Logging in Cross River forests

Cross River loses 4000km2 of forest cover in 2 decades –  Report



Cross River State has lost about 4000km2 of its forest cover in 2 decades.

This is contained in a report titled “Vanishing Forests”  which was published by two non governmental organizations –  Rainforest Resources  and Development Centre, RRDC as well as We The People.

Cross River State Gover, Prof Ben Ayade

The report detailed issues and drivers of deforestation in the Cross River rainforest between 1991 to 2014.

Details from the report showed that “as at 1991, the total forest cover located in Cross River State stood at 7,920km2 roughly covering 34.3% of the state’s overall surface area.

“By 2008, the forest cover underwent considerable decline and dropped about 6,102km2 and covering 28.68% of the states landmass.

“Another 1,307km2 of forest was lost in the 8byear period between 2000 and 2008 indicating 17.64 decline.

“Other data indicates that between 2000 and 2007 the forest loss was about 390km2 and between 2007 and 2014 the rate increased sharply to 1,070km2 in seven years”.

Logging in Cross River forests

The forests, the report indicated have come under severe attacks by several actors, including the state government, plantation companies and illegal loggers.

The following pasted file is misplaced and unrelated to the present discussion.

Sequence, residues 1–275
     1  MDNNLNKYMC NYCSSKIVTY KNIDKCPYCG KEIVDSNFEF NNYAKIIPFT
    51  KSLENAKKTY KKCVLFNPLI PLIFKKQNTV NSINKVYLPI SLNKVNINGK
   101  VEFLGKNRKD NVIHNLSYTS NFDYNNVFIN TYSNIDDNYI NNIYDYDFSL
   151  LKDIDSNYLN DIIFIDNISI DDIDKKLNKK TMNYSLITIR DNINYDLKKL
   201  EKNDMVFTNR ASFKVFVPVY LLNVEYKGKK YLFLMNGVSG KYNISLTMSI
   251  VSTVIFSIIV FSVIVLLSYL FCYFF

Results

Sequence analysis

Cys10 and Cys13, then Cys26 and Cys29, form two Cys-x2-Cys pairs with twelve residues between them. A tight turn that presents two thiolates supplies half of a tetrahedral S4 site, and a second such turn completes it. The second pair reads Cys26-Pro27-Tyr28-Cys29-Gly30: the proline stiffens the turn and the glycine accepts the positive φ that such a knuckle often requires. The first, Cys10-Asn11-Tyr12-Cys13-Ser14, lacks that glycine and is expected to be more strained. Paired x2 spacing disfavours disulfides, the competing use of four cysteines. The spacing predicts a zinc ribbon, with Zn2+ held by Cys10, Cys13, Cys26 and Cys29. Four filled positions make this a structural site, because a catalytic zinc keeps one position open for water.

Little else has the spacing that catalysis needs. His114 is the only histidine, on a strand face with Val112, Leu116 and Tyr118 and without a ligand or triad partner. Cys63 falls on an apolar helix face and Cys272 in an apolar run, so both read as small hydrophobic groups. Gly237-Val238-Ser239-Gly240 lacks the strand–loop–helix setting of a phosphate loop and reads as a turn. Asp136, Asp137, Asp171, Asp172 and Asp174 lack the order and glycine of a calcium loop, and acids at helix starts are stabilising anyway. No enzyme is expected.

Odey Oyama, one of the author’s of the report from the RRDC said the state’s forests is fast vanishing and is largely as a result of the policies of the government.

In his words, “from permitting salvage logging, to granting concessions to commercial agricultural ventures  and carrying out infrastructure constructions that require destroying large sections of the forests, the government has not lived up to its claim of preserving the ecosystem.

“To preserve what remains of the forests, the government needs to cease all further concessions to commercial agricultural ventures near or within the forests.

“It needs to go further to address complaints that concessions already granted have expanded beyond their lines into the forests.

“It is important for the government to reexamine all the infrastructural projects it intends to carry out around forested areas.

“This is by carrying out independent and thorough environmental and social impact assessments, to unravel the ecological, economic and social implications of each Infrastructure project”, he said.

Also speaking, Ken Henshaw, the Executive Director of We The People said government policies that deprive the community agency of protecting forests should be reversed.

“While the colonial, regional and state governments saw the forest as a revenue resource, the indigenous people saw it as part of their heritage and existence.

“Government policies that deprive communities of agency in protecting the forests should be reversed and communities encouraged to take initiatives in again protecting the forests”, he said.

As part of the report, about 79 companies and individuals involved in “salvage logging” in the state were uncovered.

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